Reviewing FRBM Act presumes fiscal maturity

Reviewing FRBM Act presumes fiscal maturity

By SHAILENDRA TYAGI | NEW DELHI | 5 March, 2016
RBI Governor Raghuram Rajan. The RBI should be keeping interest rates tight to offset the inflationary impact of the loose fiscal policy.
The fiscal rigidity to follow the pre-determined deficit targets was institutionalised by Yashwant Sinha in 2003 when he was the Finance Minister under NDA-1.
Setting up of a committee to look into the merits of having flexible fiscal deficit targets, in sync with the prevailing economic conditions, has received positive reactions from stakeholders. The proposed committee would review the working of the decade-old Fiscal Responsibility and Budget Management (FRBM) Act that presently binds both the Central and state governments to adhere to the pre-determined fiscal deficit targets. This leaves no room for the government to boost growth with more public spending. But, with uncertainty and volatility becoming the new norms of the global economy, “the time has come to review the working of the FRBM Act,” said Finance Minister Arun Jaitley while mooting the idea of such a committee during his Budget speech.
Instead of fixed targets, it may be better to have a fiscal deficit range as the target, which would give necessary policy space to the government to deal with dynamic situations, added the minister. Analysts often espouse the conventional rule which says that the government’s spending should be relaxed in times of slowdown while it should be curtailed during prosperous times to help the economy take advantage of lower interest rates. “Such fiscal flexibility is required to preserve growth in trying economic conditions,” says D.K. Joshi, chief economist with Crisil. The only assumption is that government would exercise such flexibility with utmost care while remaining committed to the overall fiscal consolidation path. Experts say that over the years, especially since early 2000s, India’s successive governments have shown a deep faith in fiscal prudence.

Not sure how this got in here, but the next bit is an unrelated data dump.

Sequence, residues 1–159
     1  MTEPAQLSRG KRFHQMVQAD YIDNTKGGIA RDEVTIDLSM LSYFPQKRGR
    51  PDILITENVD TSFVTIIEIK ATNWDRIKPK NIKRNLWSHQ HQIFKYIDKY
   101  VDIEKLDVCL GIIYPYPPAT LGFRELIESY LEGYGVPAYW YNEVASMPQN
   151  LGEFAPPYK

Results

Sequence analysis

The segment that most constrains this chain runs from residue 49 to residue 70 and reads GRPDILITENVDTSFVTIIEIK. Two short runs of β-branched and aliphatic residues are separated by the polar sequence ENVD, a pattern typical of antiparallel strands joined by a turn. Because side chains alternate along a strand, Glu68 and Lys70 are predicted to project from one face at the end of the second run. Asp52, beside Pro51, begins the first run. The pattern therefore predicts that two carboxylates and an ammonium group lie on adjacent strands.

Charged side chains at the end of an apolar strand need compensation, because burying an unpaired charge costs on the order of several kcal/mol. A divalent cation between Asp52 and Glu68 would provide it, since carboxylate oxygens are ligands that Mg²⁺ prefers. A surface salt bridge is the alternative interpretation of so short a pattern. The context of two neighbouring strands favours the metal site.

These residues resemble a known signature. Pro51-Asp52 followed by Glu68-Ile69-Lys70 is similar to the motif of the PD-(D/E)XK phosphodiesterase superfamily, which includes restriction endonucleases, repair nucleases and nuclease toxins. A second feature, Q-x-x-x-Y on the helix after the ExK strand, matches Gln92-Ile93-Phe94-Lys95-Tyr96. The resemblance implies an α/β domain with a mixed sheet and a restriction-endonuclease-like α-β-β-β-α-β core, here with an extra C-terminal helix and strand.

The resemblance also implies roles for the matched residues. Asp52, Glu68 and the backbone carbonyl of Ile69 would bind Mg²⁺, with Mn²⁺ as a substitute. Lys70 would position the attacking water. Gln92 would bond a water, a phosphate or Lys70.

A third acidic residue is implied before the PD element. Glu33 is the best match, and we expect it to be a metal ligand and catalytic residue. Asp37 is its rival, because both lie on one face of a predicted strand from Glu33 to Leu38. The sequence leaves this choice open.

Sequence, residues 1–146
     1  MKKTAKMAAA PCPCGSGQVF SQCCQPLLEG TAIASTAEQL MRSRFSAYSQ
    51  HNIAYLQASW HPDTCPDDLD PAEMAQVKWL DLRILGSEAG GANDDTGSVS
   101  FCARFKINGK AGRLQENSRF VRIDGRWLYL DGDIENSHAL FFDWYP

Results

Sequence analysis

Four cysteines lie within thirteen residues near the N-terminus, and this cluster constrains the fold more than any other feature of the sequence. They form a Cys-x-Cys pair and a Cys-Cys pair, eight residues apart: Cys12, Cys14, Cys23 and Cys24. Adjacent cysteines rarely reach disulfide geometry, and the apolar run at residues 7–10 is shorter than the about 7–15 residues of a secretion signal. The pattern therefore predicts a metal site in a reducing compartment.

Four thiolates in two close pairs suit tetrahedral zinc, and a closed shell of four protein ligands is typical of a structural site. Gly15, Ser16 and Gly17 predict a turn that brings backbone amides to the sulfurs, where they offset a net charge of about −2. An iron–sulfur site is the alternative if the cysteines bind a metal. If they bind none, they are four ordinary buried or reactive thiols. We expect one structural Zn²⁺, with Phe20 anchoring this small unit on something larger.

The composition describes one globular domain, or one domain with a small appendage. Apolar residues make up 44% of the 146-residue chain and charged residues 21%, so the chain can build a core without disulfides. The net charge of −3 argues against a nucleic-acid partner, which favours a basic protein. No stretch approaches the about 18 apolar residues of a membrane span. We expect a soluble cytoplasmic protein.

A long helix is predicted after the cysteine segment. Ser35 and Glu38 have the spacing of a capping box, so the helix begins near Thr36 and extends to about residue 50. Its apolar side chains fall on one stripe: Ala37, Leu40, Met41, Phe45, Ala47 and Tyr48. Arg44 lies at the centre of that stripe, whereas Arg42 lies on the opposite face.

Experts, however, caution that such fiscal flexibility works well only when it is supported by a well calibrated monetary policy. So, if the government spends more by borrowing more from the capital markets then the RBI should be keeping interest rates tight to offset the inflationary impact of the loose fiscal policy. Such an approach by the RBI might seem anti-growth but is advisable to keep inflationary tax in check.  
The fiscal rigidity to follow the pre-determined deficit targets was institutionalised by Yashwant Sinha in 2003 when he was the finance minister under the previous NDA rule. Having a rule-based approach was deemed urgent as India as a nation had been living beyond its means by spending more on consumption (subsidies) rather than on creating durable assets in the economy. The move was deeply appreciated by stakeholders as India faced a huge embarrassment when the nation’s gold was pledged during the 1990-91 balance of payment crisis. So, Sinha got this act enacted to control the populist tendencies of the government. The Act provided for annual reduction targets for fiscal indicators. 
 

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